Similar results could have been obtained assuming different plasticity functions. We chose a simple function to test our hypothesis; however, when more neurobiological data are available, a better simulation could be obtained. During development, the renal curve would shift; this effect can be considered in the model by adding a constant to the curve of blood flow as a function of the sympathetic discharge. Thus, the system would adapt to any renal output curve change. The fact that the cardiovascular receptors adapt does not affect the model due to the feedback, since in this model it is sufficient that the NTS receives information about partial pressure changes. Nevertheless, this effect can also be easily included. In the model, the learning process could happen not only during ontogeny but also when the system readapts to a new condition (if this was the case, constants α t and β t would not have to diminish to zero).
In this model and during development, the partial pressures of O2 and CO2 are regulated only by the information provided by the chemoreceptors (and maybe by the cardiopulmonary ones) Even though this regulation is not as good as after ontogeny is completed, it is good enough to control the cardiovascular variables in the fetus and in the newborn. When ontogeny is finished, because of plastic changes in the sympathetic efferent discharge rates, mean arterial blood flows (which come up as an overall result) are regulated to keep the optimal partial pressures by the information provided via the chemoreceptors (and maybe by the cardiopulmonary ones).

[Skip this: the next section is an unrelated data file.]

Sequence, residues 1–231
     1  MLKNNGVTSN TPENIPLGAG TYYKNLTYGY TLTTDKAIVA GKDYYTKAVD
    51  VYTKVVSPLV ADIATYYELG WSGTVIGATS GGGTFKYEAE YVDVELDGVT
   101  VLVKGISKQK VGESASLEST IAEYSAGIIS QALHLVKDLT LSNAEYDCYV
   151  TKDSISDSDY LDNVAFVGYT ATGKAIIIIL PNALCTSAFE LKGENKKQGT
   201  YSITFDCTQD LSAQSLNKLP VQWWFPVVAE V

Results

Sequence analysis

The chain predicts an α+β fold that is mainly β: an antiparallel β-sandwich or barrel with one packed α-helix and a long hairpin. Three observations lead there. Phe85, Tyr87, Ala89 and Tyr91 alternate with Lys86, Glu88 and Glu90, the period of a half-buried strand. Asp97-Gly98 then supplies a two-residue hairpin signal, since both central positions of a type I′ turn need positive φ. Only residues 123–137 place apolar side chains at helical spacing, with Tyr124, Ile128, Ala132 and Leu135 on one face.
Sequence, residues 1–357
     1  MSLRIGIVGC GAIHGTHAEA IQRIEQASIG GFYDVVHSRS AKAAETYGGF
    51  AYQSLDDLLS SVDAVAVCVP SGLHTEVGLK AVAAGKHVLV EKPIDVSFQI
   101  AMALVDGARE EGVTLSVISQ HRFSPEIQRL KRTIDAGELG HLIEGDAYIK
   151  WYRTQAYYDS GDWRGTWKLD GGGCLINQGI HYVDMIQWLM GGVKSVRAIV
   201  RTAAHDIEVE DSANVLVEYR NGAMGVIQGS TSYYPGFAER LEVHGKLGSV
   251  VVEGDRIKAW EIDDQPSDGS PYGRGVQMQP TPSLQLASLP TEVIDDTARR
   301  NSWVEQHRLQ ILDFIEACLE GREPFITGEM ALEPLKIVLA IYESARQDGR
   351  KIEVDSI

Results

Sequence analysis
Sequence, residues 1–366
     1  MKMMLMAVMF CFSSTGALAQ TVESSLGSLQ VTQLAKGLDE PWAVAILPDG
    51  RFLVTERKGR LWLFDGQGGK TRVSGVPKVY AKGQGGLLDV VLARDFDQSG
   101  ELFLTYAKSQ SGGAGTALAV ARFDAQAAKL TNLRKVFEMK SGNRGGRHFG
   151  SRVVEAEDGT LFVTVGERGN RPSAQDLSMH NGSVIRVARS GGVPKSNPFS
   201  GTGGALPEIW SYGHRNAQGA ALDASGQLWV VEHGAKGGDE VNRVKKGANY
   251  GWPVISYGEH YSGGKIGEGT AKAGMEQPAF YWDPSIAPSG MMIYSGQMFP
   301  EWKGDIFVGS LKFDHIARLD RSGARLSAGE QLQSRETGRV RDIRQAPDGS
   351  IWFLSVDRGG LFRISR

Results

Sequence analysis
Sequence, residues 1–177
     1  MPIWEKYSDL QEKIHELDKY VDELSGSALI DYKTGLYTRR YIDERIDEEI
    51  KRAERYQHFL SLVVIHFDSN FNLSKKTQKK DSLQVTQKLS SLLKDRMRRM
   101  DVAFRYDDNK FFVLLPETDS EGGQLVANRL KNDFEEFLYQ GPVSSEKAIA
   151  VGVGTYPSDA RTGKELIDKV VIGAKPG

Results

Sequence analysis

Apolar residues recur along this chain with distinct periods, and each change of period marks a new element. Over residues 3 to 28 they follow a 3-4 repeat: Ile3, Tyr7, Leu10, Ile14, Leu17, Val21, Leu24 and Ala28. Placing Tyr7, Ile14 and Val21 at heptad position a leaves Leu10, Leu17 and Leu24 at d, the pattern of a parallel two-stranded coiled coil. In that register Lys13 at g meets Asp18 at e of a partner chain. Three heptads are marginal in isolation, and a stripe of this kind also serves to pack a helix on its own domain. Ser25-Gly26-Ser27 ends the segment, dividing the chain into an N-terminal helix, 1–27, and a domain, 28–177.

In the cardiovascular system, blood flow is controlled by arterial blood pressure, and in this way the long-term mean blood pressure is stabilized to regulate oxygen and carbon dioxide levels. Thereafter, the baroreflex would stabilize the instantaneous pressure value to the prevailing carotid pressure (MAP). Baroreceptors appear as points of contention, too, that are unimportant in determining the long-term level of MAP. However, Terry Thrasher, cites and discusses studies in intact experimental animals suggesting that their resetting may not be as rapid or complete as previously thought . Results, obtained using a new model of chronic baroreceptor unloading, indicate that the condition ends up in a sustained increase in MAP. These results suggest that the role of baroreceptors in the long term control of MAP needs to be revisited. If the baroreceptors have any role in the long-term regulation, they could easily be included in the model because the latter converge into the same pool of central neurons, as the arterial receptors act in a similar way. In this model, they would affect the dynamic of the feedback loop, but the cardiovascular variables would converge to the same values.